The inclusion of gagaku instruments, however, is more than what this relatively minor example shows. Along her adventure through the forest, Okami encounters a prophet named Waka, which might refer to the literary waka, a poem written by the streamside. As a member of what the game calls the Moon Tribe, an ancient group of people whose charge is to guide the gods back to the celestial plane, Waka does not appear in physical form first, but alerts to his presence through the melody of a tranverse flute. Whether this flute is a ryuteki, komabue, or kagura-bue is difficult to discern; however, it is clear that the game is enforcing the symbolic reference of the flute to a prophet, which is a symbolic reference that comes from the beginnings of Japanese court music. Players hear a flute playing "Enter Waka" at certain stages in the adventure and are thereby alerted that Waka is about to appear with a mysterious augury of the future. At times, the sword-wielding prophet also bids you to fight against him, and during these trials, Waka's ryuteki theme is combined with a spirited drum beat and fast koto and shimasen melodies to form the piece "Playing with Waka" to indicate the intensity of the battle.
Environmentally, gagaku instruments can also indicate the social class of a particular quarter, as is with the separation of Sei-an City into the two areas: the aristocratic quarter and the common's quarter. Okami first enters the fictional capital city through the common's quarter, a squared town full of hustle and bustle with merchants, restaurants, parks, and trade shops. Percussion instruments, a low cello line, and a ryuteki melody line main comprise the theme for this area. By contrast, once Okami crosses the bridge over the lake and enters the aristocratic quarter, the background theme opens with the shô, and similar to the commonly practiced "Netori," the hichiriki and koto follow in suit. Entering Queen Himiko's palace also changes the music to a theme that extensively uses the shô and hichiriki. By carefully choosing the selection of instruments, the game's soundtrack implies that the aristocrats and the empress have private gagaku performances. In fact, Okami will find kotos organized across the floors of the aristocrats' home. This reflects the elitist air of the aristocratic quarter, considering the symbolic reference of strings being revered as instruments that are more closely associated to the gods than woodwinds and percussion instruments.
It is minute splashes of musical interest like this that help polish the game's aesthetics. Several imps, small monkey-like enemies that litter the battlefield, unexpectedly carry instruments. Green imps prance around with ryutekis; red imps use biwas to shield themselves from your attacks; yellow imps carry a large Japanese hand drum to create waves of earth; and black imps tap their hands on san no tsuzumis to manipulate burning skulls that skim around the air. Moreover, when Okami runs around the house of the fortune-teller Madame Fawn, an almost forgotten gagaku instruments can be discovered: a hôkyô. The synthesized melody for this metallophone, which sounds akin to several gamelan gongs, is played when you are in her house, giving an eerie yet numinous sentiment to the environment. Spreading the fictional land of Nippon with cascades of gagaku instruments adds a cultural mystique that is undeniably unique.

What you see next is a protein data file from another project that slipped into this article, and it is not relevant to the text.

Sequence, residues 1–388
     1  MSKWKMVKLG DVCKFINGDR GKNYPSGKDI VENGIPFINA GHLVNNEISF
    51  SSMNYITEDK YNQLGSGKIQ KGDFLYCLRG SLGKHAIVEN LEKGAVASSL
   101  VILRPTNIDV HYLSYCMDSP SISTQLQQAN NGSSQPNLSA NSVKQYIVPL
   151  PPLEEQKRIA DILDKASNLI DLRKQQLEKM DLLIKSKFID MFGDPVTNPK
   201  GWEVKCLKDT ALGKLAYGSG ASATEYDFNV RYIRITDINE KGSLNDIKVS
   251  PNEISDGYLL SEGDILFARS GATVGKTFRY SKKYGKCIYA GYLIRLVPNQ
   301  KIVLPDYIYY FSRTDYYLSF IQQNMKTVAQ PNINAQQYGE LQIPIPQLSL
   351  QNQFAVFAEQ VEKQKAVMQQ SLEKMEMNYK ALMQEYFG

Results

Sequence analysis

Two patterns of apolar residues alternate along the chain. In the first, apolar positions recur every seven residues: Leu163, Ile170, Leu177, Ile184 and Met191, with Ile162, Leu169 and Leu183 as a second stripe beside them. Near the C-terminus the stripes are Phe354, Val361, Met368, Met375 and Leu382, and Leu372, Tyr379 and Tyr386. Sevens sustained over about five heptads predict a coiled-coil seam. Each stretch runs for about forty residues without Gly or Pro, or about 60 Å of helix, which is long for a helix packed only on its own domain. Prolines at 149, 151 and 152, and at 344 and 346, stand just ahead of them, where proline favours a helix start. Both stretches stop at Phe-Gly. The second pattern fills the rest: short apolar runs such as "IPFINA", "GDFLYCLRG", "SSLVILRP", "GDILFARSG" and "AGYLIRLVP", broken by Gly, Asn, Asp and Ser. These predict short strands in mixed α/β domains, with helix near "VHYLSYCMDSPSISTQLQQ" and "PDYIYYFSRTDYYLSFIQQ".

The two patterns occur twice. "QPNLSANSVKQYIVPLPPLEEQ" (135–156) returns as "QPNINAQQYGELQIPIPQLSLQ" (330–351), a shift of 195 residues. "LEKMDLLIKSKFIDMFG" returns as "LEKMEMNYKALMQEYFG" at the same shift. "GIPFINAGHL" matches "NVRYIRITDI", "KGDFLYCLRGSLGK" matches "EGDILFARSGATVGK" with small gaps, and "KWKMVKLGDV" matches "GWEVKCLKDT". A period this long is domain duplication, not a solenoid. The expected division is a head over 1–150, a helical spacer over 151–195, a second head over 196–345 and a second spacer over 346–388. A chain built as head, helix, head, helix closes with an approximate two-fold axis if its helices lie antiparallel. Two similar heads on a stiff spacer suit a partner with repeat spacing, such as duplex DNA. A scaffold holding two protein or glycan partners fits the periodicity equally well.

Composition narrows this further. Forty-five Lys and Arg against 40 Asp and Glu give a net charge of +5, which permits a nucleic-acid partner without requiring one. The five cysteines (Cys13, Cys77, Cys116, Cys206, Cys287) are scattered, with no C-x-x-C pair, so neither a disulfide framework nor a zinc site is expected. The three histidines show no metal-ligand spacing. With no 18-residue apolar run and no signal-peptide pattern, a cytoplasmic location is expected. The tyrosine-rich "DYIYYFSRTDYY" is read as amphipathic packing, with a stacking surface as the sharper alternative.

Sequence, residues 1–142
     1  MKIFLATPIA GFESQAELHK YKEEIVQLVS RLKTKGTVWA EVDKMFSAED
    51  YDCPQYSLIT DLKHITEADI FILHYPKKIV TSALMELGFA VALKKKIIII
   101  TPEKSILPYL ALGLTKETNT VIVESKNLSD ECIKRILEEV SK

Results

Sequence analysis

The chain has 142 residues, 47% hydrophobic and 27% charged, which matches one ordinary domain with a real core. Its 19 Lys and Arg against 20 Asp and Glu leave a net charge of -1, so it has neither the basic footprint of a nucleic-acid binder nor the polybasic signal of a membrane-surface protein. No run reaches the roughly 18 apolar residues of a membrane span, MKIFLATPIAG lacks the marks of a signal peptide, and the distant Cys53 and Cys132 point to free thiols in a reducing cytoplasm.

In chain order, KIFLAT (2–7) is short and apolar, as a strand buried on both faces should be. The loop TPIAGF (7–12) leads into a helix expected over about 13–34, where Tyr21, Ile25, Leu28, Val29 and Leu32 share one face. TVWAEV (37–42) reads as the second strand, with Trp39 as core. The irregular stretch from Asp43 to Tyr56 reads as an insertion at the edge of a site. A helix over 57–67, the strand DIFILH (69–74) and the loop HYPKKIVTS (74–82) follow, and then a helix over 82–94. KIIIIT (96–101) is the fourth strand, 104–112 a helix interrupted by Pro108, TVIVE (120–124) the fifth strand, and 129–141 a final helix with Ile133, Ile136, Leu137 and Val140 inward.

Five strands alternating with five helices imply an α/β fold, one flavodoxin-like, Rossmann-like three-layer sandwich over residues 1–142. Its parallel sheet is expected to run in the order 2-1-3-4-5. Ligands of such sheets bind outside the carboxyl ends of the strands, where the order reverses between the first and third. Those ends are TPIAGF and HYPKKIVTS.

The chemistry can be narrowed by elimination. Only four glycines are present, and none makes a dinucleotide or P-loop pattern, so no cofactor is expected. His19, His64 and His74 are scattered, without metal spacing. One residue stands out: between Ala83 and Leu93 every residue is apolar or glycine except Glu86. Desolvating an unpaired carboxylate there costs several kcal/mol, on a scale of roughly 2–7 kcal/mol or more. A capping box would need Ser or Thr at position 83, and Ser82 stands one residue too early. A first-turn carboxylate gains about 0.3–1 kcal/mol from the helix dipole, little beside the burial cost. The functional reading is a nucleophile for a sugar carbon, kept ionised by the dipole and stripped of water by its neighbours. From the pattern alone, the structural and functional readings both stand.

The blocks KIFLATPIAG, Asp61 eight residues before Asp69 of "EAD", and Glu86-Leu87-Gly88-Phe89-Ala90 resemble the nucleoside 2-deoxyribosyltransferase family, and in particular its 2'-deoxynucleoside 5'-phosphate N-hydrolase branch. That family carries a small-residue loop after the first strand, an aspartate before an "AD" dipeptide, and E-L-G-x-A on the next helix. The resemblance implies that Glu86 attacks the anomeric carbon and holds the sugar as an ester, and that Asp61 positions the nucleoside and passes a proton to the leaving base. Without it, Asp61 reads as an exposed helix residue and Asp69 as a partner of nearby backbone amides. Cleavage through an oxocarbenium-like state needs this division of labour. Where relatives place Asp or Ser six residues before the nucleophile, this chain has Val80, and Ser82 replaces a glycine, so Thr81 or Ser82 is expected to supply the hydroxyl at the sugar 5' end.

Gagaku and Japanese indigenous instruments bring an exoticism and an air of sophistication that no mainstream musical medium can offer. Whether they are given the role of background music as in Okami or a key mechanic as in The Legend of Zelda: The Ocarina of Time, clean execution can ensure that they will blend into the game world without a glitch. Assuredly, gagaku instruments probably don't belong in a futuristic adventure or a game of which the inclusion of such instruments would cause more incompatibilities in concept than potential artistic value. However, these two video games which included these Japanese instruments have succeeded internationally both in sales and in critics' opinion. Any hesitation that gagaku instruments are too foreign should be met with action.
Gagaku artists should look to video gaming as an easy way for foreigners to experience Japanese melodies. In the same vein as Konoe Naomaru, who succeeded in translating gagaku melodies into Western tastes, video games can serve as an ambassador of culture that, as shown by Okami, does not need to be watered down or removed from its contexts for players to appreciate. Though the subtleties of gagaku instruments will probably not be perceived by the general audience, its sounds can at least be appreciated by the international public and be preserved in an emergent artform that is already immersed in Japanese culture. Gagaku music can create a powerful experience in video games and that should not be left on the table.
Posted: December 13, 2006 (09:36 AM)
That is a very spiffy essay. And I'm very happy that you included Okami. I heart that game. I knew only minor deatils about Amaterasu and Susano, but I'm happy that you went into detail about the legends behind them and just about everything else in Okami.
My God, if only I could write essays like that!